Sometimes it’s hard for a coach to know when he’s entering a make-or-break season, but Denver Broncos head man Vic Fangio should be heading into the 2021 NFL season with a “win now or else” mentality.
There isn’t as much patience today for development and mediocrity as there was 10 to 20 years ago, and coaches need to deliver results as quickly as they possibly can.
During his first two years coaching the team, the Broncos finished 7-9 and 5-11, respectively, which is not going to get it done.
Let’s take a closer look at three reasons why Fangio is coaching for his job in 2021.
In case anyone wanted to know what Vic Fangio looks like in a shirt/tie and not a gray Bears sweatsuit pic.twitter.com/qgbu4q02tV
— Kevin Fishbain (@kfishbain) January 10, 2019
3. New Management
Although former Broncos quarterback and Denver legend John Elway is not relinquishing his title as president of football operations, he is taking a step back as the primary decision maker with regards to on-field evaluation and hiring.
Elway brought on former Minnesota Vikings executive George Paton to slide in as the Broncos’ new general manager, who reportedly will have wide ranging latitude to improve the team as he sees fit.
It was Elway who was responsible for hiring Fangio as head coach back in 2019, which might place the 62-year-old back in “prove-it” mode in 2021.
Looking to make his own mark on the franchise, Paton might not hesitate to part ways with Fangio if the team starts off slowly.
2. A Talented Offense On Paper
Back in the day (which is at least 15 or 20 years ago), starting a highly-drafted rookie quarterback meant that the head coach bought himself at least three to five years at the helm.
Neophyte signal-callers would need time to develop, and organizations were not expected to compete for a playoff spot while young quarterbacks found their way in the league.
Unfortunately for quarterbacks and coaches alike, that luxury is no longer afforded.
Even though Fangio doesn’t cut his teeth on the offensive side of the ball, Denver has invested significant capital there, and will be expected to be in most games.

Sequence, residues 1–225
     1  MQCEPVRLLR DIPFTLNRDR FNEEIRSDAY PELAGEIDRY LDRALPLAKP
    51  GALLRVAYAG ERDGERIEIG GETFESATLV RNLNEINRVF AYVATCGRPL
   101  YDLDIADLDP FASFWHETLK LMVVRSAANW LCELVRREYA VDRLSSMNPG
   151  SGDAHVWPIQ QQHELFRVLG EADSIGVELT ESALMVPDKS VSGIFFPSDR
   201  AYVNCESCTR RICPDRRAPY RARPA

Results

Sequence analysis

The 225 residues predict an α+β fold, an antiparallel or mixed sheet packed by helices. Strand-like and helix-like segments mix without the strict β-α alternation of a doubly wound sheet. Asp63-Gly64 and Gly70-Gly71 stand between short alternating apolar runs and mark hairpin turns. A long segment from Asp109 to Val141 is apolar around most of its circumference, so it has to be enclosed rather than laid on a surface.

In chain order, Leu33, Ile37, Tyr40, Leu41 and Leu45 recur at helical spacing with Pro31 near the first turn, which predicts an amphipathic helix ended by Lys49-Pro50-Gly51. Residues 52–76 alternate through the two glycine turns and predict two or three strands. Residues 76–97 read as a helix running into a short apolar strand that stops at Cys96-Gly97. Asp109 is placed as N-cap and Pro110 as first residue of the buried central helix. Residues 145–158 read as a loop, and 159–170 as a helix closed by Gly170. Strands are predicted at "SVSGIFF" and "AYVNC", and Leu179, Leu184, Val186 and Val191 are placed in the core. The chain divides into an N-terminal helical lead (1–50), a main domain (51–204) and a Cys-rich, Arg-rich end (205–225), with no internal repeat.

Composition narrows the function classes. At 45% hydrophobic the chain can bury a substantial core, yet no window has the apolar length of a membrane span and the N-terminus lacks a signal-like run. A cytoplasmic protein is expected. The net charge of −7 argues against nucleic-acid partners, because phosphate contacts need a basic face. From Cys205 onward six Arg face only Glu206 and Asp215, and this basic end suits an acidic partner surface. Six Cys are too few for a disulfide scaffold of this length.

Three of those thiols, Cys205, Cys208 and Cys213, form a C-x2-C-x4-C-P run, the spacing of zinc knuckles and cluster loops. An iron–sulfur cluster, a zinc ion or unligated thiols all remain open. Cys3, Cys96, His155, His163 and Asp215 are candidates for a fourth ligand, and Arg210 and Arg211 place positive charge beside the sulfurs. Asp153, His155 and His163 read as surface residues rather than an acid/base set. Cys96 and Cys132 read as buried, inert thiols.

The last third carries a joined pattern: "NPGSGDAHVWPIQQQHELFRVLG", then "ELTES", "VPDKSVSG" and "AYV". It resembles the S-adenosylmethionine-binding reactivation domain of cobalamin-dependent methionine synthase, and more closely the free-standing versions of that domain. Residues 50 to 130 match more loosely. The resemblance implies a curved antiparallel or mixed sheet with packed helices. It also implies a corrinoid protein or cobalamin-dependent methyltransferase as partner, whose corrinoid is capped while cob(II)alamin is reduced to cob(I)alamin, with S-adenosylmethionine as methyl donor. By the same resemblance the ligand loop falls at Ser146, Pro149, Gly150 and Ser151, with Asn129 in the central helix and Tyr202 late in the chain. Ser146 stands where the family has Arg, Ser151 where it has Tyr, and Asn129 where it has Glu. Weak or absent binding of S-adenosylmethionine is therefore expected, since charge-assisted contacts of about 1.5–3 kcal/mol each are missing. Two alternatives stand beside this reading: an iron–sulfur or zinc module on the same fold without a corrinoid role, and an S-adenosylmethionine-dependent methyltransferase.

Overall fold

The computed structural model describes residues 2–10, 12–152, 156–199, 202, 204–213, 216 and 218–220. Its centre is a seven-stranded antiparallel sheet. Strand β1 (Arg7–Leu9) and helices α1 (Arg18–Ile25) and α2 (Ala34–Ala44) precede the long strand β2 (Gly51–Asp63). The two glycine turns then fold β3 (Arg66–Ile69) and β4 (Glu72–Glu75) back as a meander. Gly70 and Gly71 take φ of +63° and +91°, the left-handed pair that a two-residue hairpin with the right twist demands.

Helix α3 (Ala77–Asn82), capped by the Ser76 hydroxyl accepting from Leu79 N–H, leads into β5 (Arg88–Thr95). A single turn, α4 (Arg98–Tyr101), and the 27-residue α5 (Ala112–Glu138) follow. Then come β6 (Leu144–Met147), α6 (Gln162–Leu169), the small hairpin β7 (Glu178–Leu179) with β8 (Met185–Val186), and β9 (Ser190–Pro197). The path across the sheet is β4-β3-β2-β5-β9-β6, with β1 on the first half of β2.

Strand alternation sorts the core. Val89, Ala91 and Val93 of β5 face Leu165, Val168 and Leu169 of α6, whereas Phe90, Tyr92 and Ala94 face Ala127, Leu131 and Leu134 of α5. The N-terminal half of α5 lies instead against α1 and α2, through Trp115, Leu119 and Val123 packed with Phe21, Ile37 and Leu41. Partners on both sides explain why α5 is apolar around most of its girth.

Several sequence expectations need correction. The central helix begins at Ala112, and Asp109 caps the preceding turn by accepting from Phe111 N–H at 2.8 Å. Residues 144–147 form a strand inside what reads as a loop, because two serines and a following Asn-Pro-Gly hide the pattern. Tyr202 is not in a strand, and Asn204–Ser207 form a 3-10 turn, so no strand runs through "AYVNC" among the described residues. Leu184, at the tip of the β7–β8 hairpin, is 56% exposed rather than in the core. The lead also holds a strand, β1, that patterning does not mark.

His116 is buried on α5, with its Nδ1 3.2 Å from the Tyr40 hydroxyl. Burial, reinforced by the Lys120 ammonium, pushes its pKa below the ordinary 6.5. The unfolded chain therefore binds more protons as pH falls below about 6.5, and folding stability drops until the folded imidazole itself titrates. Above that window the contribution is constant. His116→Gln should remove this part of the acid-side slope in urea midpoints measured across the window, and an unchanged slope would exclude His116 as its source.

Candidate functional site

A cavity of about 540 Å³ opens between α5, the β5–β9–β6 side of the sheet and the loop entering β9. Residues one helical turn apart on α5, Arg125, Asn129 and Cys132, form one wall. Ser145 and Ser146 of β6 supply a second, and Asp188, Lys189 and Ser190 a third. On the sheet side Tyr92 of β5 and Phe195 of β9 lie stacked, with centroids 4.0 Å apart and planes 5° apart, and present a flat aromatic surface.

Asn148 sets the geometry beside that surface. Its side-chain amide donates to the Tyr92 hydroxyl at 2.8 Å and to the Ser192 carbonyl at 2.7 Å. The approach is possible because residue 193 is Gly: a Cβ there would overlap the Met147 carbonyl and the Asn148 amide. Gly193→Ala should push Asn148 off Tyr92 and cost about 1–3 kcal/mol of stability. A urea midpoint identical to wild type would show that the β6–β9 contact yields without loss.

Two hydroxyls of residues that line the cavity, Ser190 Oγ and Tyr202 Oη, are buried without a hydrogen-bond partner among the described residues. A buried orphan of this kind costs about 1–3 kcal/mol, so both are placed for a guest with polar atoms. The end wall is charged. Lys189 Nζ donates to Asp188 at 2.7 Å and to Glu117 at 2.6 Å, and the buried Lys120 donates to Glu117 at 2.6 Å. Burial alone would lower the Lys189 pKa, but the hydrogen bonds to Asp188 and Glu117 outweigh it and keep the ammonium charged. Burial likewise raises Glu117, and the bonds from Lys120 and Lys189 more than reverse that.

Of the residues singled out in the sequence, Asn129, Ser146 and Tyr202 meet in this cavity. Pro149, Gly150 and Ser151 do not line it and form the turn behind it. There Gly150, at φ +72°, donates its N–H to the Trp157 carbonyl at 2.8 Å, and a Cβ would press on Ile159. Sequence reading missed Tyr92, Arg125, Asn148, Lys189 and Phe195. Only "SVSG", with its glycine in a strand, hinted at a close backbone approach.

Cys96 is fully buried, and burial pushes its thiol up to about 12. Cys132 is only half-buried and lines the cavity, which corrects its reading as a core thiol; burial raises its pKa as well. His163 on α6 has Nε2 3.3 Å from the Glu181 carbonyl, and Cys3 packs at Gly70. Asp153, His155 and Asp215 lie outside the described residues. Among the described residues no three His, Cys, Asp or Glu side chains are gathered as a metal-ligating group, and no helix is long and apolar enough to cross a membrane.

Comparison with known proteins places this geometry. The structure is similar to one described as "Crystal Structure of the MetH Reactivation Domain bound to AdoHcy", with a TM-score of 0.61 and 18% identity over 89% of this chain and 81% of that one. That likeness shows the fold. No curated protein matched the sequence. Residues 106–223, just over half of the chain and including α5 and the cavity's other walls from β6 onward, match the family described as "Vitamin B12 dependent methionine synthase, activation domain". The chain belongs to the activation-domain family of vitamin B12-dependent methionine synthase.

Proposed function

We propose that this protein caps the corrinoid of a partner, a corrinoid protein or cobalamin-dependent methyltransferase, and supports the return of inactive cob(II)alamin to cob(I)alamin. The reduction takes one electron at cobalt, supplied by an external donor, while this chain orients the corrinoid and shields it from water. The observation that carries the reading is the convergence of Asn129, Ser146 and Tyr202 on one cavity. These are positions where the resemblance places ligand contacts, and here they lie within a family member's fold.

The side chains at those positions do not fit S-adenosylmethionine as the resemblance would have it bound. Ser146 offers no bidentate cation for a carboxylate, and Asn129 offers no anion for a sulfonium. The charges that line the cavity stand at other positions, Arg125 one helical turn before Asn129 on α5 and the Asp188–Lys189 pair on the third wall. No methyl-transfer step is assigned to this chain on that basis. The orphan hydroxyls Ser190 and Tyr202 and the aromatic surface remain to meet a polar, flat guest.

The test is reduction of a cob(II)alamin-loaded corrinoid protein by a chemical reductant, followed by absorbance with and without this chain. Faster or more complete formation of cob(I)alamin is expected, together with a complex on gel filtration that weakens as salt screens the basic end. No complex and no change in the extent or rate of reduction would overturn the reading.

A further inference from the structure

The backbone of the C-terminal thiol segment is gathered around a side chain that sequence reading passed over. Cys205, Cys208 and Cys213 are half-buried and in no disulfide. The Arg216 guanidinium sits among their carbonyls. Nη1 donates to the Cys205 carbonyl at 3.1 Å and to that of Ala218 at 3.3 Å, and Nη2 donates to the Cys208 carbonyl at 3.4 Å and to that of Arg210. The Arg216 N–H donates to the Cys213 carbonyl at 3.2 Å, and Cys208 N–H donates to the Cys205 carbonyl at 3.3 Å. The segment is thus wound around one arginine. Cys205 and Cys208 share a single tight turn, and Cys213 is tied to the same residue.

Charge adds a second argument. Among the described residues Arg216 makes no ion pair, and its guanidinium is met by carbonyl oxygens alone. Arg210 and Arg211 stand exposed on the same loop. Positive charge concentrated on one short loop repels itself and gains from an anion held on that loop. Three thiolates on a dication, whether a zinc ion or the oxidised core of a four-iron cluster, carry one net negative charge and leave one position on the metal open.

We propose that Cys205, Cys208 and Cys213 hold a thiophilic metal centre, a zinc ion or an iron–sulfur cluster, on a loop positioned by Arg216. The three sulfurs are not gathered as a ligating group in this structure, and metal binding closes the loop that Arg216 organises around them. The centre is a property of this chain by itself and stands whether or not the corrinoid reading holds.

Even if Drew Lock is not the reason the offense succeeds, getting the ball into the hands of playmakers like Courtland Sutton, K.J. Hamler, Noah Fant, and Melvin Gordon should be enough to keep them competitive.
Fangio will need to have that group motivated and ready to go from day one.
1. An Underwhelming Defensive Performance
As touched on above, Fangio has spent the vast majority of his time in the NFL running defenses, and doing a pretty good job of it.
Prior to his hiring as Broncos head coach, he was a defensive coordinator for 19 years with the Carolina Panthers, Indianapolis Colts, Houston Texans, San Francisco 49ers, and Chicago Bears.
In particular, his last two stints with San Francisco and Chicago got him noticed as a viable head coaching candidate.
So far with Denver, Fangio’s defenses haven’t exactly dominated the line of scrimmage or worried opposing offenses too much.
Last season, Denver finished 24th in the league in points per game allowed, after finishing 10th in that category in 2019.
The Broncos have one of the league's best defenses on paper and we know Vic Fangio can maximize talent:
DT- D Jones/Harris/Purcell/Williams
ED – V Miller/Chubb/M Reed
LB – A Johnson/Jewell
CB – K Fuller/Callahan/Darby
S – Simmons/K Jackson
— Mike Clay (@MikeClayNFL) March 23, 2021
The loss of All-Pro linebacker Von Miller due to injury certainly contributed to the drop-off, but Fangio cannot afford to have his specialty unit perform at a subpar clip in 2021.